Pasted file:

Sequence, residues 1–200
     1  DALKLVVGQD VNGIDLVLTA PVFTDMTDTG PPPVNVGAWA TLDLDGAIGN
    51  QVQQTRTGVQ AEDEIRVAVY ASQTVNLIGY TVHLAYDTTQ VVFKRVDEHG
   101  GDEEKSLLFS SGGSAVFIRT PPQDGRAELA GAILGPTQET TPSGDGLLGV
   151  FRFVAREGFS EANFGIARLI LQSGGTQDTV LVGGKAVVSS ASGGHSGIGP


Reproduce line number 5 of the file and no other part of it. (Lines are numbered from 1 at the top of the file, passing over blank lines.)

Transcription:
   151  FRFVAREGFS EANFGIARLI LQSGGTQDTV LVGGKAVVSS ASGGHSGIGP